Disaster How milkshaking become a form of political protest—and a meme - The Political Protest and Meme, explained

ATaxingWoman

Professional Tax Investigator Princess
kiwifarms.net
Milkshakes, a dairy treat often enjoyed in diners, have morphed into an anti-fascist symbol in recent months. Pouring milkshakes on people—an act known as “milkshaking”—is now a popular protest tactic. The drink became a massive topic of conversation last week, as right-wing figures and law enforcement officials in Portland accused Antifa—a network of leftist groups—of mixing milkshakes with quick-dry cement and battery acid. Suddenly, everyone in American political life seemed to be weighing in on milkshakes.

The conversation around milkshakes got to the heart of the public perceptions of antifascist activism. If the milkshake can be made into weapons, Antifa is violent. If milkshakes are a form of peaceful protest, then they can be considered a tool of non-violent resistance.

Here’s how the milkshake became a symbolic battleground between the radical left and the alt-right, and how milkshaking became a meme (not to be confused with milkshake duck).

What is milkshaking?
Milkshaking involves throwing a milkshake at or pouring a milkshake on a right-wing political figure as a form of protest. According to Know Your Meme, milkshaking began on May 1, 2019, when a British protestor dumped a milkshake on right-wing activist Tommy Robinson, and the incident was subsequently uploaded to YouTube.

How the milkshaking meme took off
There is an argument to be made that the origins of milkshaking really lie with “Egg Boy.” In March, Australian teen Will Connolly smashed an egg on the head of right-wing Aussie senator Fraser Anning. Like Robinson, Anning is known for his virulent bigotry, and specifically Islamophobia.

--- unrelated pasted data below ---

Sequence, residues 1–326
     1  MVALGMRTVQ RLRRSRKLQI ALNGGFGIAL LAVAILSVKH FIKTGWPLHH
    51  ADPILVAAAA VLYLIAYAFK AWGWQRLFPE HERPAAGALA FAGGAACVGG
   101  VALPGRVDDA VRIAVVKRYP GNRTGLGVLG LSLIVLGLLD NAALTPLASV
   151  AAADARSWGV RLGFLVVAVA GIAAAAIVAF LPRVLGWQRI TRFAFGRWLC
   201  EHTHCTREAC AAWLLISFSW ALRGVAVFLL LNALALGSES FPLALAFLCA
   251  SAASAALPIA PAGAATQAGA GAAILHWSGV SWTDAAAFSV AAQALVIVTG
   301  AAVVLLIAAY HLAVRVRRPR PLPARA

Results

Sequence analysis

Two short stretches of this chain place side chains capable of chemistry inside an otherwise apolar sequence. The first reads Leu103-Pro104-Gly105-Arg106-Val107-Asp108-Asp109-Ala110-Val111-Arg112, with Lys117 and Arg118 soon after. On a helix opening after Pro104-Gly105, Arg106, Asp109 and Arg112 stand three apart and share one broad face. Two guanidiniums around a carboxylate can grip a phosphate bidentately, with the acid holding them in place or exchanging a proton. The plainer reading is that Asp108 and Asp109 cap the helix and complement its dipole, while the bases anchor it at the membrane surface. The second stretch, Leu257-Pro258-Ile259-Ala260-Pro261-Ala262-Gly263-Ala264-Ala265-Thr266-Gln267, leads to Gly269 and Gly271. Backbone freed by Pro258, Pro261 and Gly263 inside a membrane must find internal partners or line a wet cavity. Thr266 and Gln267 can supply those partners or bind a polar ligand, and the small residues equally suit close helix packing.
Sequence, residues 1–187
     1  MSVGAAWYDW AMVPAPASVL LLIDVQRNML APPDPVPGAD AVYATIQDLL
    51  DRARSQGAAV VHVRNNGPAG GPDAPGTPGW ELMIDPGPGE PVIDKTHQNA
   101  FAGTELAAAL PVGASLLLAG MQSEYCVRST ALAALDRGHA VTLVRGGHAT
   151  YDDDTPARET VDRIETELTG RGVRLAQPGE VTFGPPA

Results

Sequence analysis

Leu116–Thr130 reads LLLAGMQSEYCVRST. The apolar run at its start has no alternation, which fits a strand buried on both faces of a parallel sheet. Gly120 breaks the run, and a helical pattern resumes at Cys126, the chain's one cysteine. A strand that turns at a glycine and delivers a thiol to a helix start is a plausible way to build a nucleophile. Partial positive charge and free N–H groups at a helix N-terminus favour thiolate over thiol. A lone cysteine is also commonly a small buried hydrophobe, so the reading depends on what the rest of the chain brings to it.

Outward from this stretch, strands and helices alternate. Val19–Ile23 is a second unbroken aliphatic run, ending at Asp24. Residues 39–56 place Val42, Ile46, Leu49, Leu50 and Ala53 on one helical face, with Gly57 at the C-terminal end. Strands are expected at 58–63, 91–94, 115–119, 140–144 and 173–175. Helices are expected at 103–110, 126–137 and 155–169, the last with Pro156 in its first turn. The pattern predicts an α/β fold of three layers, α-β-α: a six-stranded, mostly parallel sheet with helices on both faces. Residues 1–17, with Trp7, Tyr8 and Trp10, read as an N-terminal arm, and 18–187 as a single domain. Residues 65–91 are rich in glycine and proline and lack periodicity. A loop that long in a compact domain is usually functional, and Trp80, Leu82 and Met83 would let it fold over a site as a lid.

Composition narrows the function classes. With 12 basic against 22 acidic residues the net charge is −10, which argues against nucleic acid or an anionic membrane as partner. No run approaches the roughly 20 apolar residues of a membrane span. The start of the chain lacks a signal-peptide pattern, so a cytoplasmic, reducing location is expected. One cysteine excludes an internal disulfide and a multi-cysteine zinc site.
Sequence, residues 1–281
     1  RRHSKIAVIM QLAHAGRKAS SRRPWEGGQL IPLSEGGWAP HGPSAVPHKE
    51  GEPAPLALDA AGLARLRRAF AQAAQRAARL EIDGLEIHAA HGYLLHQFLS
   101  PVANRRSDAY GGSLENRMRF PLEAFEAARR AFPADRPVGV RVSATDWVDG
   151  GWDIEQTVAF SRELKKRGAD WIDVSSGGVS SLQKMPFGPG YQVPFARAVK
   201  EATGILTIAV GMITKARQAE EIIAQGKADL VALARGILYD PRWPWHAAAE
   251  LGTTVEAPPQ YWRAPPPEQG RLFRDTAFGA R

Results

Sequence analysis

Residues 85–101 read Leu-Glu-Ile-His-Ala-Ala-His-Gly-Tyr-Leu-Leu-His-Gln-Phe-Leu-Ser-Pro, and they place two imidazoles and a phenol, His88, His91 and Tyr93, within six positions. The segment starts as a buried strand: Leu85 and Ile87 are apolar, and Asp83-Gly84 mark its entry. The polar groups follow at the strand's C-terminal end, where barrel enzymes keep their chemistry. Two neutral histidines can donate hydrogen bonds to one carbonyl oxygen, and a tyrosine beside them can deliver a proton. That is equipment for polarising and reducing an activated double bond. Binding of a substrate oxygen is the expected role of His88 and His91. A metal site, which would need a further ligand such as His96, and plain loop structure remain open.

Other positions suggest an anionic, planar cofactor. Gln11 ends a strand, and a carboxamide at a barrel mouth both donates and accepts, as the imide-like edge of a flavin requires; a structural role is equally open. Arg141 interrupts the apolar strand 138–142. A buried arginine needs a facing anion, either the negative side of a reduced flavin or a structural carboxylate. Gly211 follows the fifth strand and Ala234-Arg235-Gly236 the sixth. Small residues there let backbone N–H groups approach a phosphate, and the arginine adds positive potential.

For whatever reason, milkshaking took off in a way egging didn’t. Perhaps the ease of transport and the fact that it is easy to pretend that a milkshake is, say, a soda or a cup of water, makes it easier to wield.

In the weeks after the Robinson incident, milkshaking spread rapidly. Throughout the month of May, right-wing figures found themselves the targets of milkshaking incidents. Most notably, on May 16, a UK McDonald’s was asked not to sell milkshakes near an event featuring Brexiter and right-wing provocateur Nigel Farage.

And, of course, the brands got involved—a true sign that a meme has really made it big.

Milkshaking as an Antifa symbol
From there, anti-fascist organizers around the world embraced milkshaking. Milkshakes quickly became a common sight at all kinds of Antifa actions, which led to serious criticism about protest action.

Numerous publications ran essays about whether milkshaking was a violent tactic. The Conversation asked, “Is milkshaking a form of political violence?” The Financial Times argued: “We should be stirred by Nigel Farage’s milkshake.” Ricky Gervais tweeted that he finds it hypocritical that leftists concerned about speech don’t find milkshaking to be a violent act.

Left-leaning and anti-authoritarian publications pushed back in favor of milkshaking. The Guardian asserted that milkshaking isn’t political violence but political theater. The Atlantic mused, “Sometimes a milkshake is just a milkshake.” Leftist labor writer Kim Kelly even went as far as to offer her “perfect” recipe for an anti-fascist milkshake.

Milkshaking as right-wing propaganda
This rhetorical back-and-forth turned milkshaking into an even larger symbol in the political battle between the left and the right. This tension came to a head during a clash between fascist “Proud Boys” and anti-fascists last week in Portland, Oregon.

As with all Antifa actions, the demonstrators used a diversity of tactics. Some were willing to use violence to meet fascists in the street, while others were not. Some activists brought milkshakes. Some black bloc protestors—the proper term for the subset of Antifa protestors who dress in black, cover their faces with bandanas, and are more likely to view violence as a viable tactic—were prepared to meet fascists with violence. And some did.

During the skirmish, Antifa demonstrators milkshaked and assaulted Andy Ngo. Some people consider Ngo a journalist, but he might be more accurately described as an opinion columnist who uses light reporting to launder his reactionary views at the far-right publication Quillette.